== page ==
Buckeye Trail, which tracks Crabtree Creek through the largest natural area inside the beltline, runs 3 miles from due east of Raleigh at Milburnie and New Bern to Raleigh Boulevard in Northeast Raleigh. There it meets Raleigh Swamp, the neighborly name for the large shallow body of open water bisected by Raleigh Boulevard just north of Crabtree Boulevard.
But this section will be slightly iffy for the next 12 months as crews work on renovating the sewer lines that also track the creek, usually right next to the greenway. I was startled to see the sign, then realized the closings were going to be based on immediate project need, and that people were utilizing the trail as usual that very morning. I thoughtfully and slowly biked the entire length, stopping to check on some late summer blooms and the condition of the Rocky Overhang, my sentimental favorite spot from childhood jaunts to Crabtree from Gatewood, my east Raleigh neighborhood. Raleigh Nature has looked several times at this oldest leg of the Raleigh greenway, but a brief catalog of its wonders seems in order.
First, the old landfill meadow at the Milburnie entrance is apparently not going to get mowed anymore – there are trees of several years age filling up the back third. The rest is filled with microstegia, stilt grass or bamboo grass: by any name, as nefarious an invasive species as kudzu ever was. Perhaps the landfill monitoring period is over, perhaps they will bushwack these trees eventually. Minus the stiltgrass, it was a rich meadow. Two pairs of comparison pictures below (click to enlarge).
Just past this meadow is a large stand of young beeches standing in a floodplain. As you leave them and approach Crabtree, the sewer line cuts under the greenway on its way to Milburnie Road. This is where the work is starting. Necessary work, plus they are protecting the terrain by mulching with what they grind – at least for now. I actually like the new openings and hiking possibilities created by these cuts. Until the poison ivy gets established.
Sewer work at eastern end of Buckeye Trail
I can understand the need for the work. Above is a section of sewer line inundated by winter floods, seen from the elevated greenway by the pump station at the dead end of Crabtree Boulevard. This flooding is natural and used to happen with more regularity before the construction of flood controls upstream.
My first nature stop on the bike found me stumped. I knew I had encountered the triangular, papery fruits and their name, but couldn’t put the two together. A field guide finally revealed it as American Bladdernut. Right beside it, pictured below, was a plant I did remember – nettle, whose thin hairy needles inject a stinging but mild toxin that can serve as relief from arthritis, a fact I learned from long-time NC Wildlife photographer Ted Dossett, who used to walk Buckeye almost daily.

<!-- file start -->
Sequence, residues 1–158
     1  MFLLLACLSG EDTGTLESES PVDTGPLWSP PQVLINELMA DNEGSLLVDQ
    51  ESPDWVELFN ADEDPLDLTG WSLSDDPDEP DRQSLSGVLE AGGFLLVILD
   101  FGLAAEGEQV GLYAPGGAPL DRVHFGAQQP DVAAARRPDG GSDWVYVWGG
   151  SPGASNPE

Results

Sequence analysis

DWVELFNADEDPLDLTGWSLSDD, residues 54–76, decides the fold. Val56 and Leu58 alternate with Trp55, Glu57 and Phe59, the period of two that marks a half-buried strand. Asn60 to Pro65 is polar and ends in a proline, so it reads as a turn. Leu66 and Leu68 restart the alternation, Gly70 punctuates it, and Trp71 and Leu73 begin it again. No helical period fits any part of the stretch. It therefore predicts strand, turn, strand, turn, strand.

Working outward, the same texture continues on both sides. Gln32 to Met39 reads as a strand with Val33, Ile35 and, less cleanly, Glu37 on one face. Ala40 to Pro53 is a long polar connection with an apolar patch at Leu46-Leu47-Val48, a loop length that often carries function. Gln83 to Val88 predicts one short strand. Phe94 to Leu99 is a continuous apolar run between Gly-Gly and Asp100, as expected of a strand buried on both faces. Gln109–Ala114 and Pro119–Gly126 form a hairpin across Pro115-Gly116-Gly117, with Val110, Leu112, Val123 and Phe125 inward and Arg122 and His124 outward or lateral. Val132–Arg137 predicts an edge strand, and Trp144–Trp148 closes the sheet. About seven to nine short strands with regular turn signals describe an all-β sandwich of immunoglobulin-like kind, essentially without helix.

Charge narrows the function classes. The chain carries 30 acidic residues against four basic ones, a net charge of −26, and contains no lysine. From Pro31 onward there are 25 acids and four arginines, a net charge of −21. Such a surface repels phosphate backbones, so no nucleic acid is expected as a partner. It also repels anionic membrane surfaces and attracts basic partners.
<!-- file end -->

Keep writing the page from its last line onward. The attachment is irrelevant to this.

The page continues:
Further upstream, the creek takes a big turn, away from Yonkers and toward Milburnie, creating The Point, a triangular beach looking across at the eastern edge of the Marsh Creek marsh. This broad wetland stretches for about a mile below Yonkers Road and the Beltline. This is a great spot to see the larger birds. Buckeye is “the birdiest greenway trail” according to the Wake birders’ guide. As I headed upstream toward Rollingwood, I stopped at a very special place where a big beech uses a rock formation to hang right over the water. Its roots create undercaves that we used for caching supplies back in grade school – toilet paper, BBs, and matches. If we left anything long, it would wash away in high water. The spot beside the beech is pictured below in very low water.
Crabtree on east Buckeye Trail
I continued my ride, briefly surveying the Rocky Overhang, still draped by a large fallen Sycamore that came down across the creek after Floyd in 1999. Fallen trees are a big part of changes in the creek bed, and the sycamores are notorious for taking up doomed positions on the creek bank. Sometimes they lean precariously for years, and I will never forget the Buckeye walk when a really large, vine encrusted hickory decided to slowly but powerfully lay itself down into the creek as I walked past. It was an amazing sound – non-violent but death-dealing forces of gravity and release.
Glimpse of the rocky overhang on Buckeye
Halfway up the trail is the park at the bottom of Rollingwood, where the greenway leaves the creekside and edges the neighborhood. The creek formerly split, creating an “island” which edged the greenway, but that streambed is dry now. Shrubs and young trees cover the large sandy beach that existed at the head of this island in my childhood. Unforgettable memories of camping on that beach (even then the water flow was seasonable), drawing a large square in the sand, and boxing with gloves! It was my first and only experience with that. The stalwart group of boys with whom I had ingratiated myself screamed and exhorted like we were Lords of the Flies. We walked the creekside ( no greenway on those days) all the way up to Downtown (Capital) Boulevard to go get milkshakes late that night. Fun times.
Now the creek goes straight past the former island, and the sand piles up just short of the former split. Above is Sandy Beach, a favorite spot of my own children (though I never allowed them to camp there). From here up to Raleigh Boulevard is a straight stretch that is close but not connected to my old gatewood neighborhood at the ends of King Charles and Marlborough. Those streets took major damage from our April tornado disaster, and the damage shows from and includes the greenway.
This stretch is now VERY sunny and the flowers will make use of that. A selection is below. Be sure to visit Buckeye soon!
Jerusalem Artichoke, which has an edible root